This consultation closed on 19 April 2018.


    These proposals follow discussions with the regional school’s commissioner and the Diocese of Leeds. We consider the closure necessary to secure the interests of current and future pupils from the school because of concerns about standards of teaching and learning and related concerns about low pupil numbers and the school’s financial position.

    This decision has not been reached lightly, and not before alternatives have been considered, such as collaborating and amalgamating with other schools to make sure that good standards of teaching and learning will be available for all pupils.

    Notice is given in accordance with section 15(1) of the Education and Inspections Act 2006 that North Yorkshire County Council, County Hall, Northallerton, DL7 8AD, intends to close Burnt Yates Church of England (Voluntary Aided) Primary School, Burnt Yates, Harrogate, North Yorkshire, HG3 3EJ on 31 August 2018.

    Notice documents

    The executive members for schools and children’s services at their meeting with the corporate director - children and young people’s service on 22 May determined:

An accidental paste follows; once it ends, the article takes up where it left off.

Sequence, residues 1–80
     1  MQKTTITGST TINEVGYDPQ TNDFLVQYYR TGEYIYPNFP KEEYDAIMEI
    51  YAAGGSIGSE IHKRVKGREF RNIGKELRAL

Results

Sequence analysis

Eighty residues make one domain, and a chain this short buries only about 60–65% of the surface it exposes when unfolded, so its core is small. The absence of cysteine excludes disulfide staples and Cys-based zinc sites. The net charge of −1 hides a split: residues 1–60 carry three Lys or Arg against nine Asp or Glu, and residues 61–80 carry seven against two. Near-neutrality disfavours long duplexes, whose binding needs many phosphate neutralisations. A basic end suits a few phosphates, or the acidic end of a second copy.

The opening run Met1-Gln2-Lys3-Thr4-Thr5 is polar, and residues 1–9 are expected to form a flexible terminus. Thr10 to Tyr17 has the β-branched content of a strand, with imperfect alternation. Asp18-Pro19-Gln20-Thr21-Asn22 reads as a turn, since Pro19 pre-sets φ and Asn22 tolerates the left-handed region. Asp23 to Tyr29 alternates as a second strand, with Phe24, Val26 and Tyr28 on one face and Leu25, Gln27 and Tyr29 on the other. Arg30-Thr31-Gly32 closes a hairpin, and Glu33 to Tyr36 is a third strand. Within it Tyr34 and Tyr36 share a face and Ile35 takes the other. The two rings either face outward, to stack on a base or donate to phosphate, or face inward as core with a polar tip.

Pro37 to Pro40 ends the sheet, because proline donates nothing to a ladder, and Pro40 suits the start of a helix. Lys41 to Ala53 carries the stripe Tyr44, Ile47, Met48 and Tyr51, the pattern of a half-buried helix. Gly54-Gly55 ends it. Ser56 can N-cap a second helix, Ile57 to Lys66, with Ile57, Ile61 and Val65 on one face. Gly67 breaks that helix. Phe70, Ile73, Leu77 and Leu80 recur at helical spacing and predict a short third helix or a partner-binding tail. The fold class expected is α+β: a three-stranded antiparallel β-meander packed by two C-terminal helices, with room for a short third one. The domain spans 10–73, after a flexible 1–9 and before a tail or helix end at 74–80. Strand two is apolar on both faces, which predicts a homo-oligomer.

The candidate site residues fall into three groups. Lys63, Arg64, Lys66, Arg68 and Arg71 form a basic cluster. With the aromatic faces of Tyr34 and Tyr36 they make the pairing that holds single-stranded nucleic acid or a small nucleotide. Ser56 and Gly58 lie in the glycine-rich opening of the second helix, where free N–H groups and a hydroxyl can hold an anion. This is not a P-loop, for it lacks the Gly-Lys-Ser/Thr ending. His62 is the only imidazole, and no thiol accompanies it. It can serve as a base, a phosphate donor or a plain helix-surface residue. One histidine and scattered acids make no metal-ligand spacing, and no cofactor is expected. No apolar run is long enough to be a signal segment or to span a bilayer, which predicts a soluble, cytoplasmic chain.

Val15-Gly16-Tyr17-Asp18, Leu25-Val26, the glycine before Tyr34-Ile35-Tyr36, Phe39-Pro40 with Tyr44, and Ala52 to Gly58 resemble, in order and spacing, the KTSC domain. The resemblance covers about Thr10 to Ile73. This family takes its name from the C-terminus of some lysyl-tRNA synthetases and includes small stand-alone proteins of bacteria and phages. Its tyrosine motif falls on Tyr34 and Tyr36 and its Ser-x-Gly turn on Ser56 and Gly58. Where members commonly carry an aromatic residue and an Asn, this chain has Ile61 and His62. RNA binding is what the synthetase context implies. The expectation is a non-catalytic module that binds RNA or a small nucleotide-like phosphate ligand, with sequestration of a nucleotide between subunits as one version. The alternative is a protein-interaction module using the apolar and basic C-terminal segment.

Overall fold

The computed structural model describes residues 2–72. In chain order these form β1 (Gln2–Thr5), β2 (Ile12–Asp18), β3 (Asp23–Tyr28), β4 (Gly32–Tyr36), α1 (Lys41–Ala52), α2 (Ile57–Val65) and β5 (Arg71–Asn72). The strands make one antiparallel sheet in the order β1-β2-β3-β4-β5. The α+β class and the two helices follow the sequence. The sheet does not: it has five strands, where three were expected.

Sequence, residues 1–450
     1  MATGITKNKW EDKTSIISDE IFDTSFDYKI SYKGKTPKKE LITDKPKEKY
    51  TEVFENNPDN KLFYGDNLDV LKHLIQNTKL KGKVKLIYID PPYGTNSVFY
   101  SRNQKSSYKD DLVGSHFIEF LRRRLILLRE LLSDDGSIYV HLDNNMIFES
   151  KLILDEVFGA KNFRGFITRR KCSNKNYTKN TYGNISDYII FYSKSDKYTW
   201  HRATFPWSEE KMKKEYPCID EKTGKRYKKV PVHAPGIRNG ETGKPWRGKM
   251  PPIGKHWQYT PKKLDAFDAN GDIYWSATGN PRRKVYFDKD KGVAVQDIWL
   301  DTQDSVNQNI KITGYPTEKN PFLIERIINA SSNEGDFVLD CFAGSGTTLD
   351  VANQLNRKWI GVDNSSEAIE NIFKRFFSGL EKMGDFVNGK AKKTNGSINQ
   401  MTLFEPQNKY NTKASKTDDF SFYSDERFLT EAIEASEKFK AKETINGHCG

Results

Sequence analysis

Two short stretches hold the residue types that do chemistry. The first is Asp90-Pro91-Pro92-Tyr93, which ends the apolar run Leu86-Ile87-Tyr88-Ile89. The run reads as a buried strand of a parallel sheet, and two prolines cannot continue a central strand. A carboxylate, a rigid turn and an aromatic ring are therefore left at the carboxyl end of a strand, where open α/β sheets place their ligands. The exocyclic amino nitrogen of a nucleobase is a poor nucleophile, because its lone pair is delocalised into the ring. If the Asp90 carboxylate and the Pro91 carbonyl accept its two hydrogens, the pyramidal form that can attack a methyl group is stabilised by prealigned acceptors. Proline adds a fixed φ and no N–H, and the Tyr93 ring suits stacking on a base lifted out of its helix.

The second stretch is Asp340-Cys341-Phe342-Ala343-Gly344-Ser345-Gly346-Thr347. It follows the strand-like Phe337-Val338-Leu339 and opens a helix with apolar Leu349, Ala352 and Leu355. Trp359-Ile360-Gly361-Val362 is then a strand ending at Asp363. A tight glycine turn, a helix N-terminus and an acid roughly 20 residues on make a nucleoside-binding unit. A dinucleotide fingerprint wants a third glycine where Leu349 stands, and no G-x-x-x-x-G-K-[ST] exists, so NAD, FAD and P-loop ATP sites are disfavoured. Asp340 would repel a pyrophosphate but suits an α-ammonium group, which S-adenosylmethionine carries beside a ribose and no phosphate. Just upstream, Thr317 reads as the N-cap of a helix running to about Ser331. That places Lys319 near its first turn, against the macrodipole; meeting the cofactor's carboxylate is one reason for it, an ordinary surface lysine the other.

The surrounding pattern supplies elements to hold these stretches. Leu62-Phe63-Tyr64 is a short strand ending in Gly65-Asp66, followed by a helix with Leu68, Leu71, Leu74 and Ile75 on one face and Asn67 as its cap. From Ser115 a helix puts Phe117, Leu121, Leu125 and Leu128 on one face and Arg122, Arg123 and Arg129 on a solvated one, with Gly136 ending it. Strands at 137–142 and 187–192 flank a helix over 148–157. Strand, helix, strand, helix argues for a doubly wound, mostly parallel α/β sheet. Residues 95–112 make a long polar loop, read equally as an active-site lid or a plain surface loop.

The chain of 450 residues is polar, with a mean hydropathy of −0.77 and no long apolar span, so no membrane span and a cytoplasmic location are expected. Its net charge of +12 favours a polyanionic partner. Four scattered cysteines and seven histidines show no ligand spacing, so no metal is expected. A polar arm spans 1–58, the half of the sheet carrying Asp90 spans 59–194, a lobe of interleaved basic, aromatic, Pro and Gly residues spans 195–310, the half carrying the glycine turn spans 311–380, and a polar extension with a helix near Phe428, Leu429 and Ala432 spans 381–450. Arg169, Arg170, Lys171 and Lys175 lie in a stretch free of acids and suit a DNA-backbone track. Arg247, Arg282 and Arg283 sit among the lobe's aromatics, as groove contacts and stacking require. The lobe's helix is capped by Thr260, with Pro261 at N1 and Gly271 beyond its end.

1. To cease to maintain Burnt Yates Church of England Voluntary Aided Primary School with effect from 31 August 2018; and
    2. To extend the catchment area of Ripley Endowed CE VC Primary School and Bishop Thornton CE VC Primary School with effect from 1 September 2018 to jointly serve the area currently served by Burnt Yates CE VA Primary School.

    This consultation closed on 2 April 2018.


    We have a statutory responsibility to provide travel assistance, from home to school, for eligible children and we are proposing to consult on the discretionary areas of our current transport policy, and how we provide travel assistance.

    Recent increases in both the numbers of SEND pupils requiring transport and increases in the distances that they travel, have led to a rise in costs. Based on current trends, this will reach an annual cost of £30m by 2025. The budget for providing home to school transport for pupils with special educational needs or disability is £5m.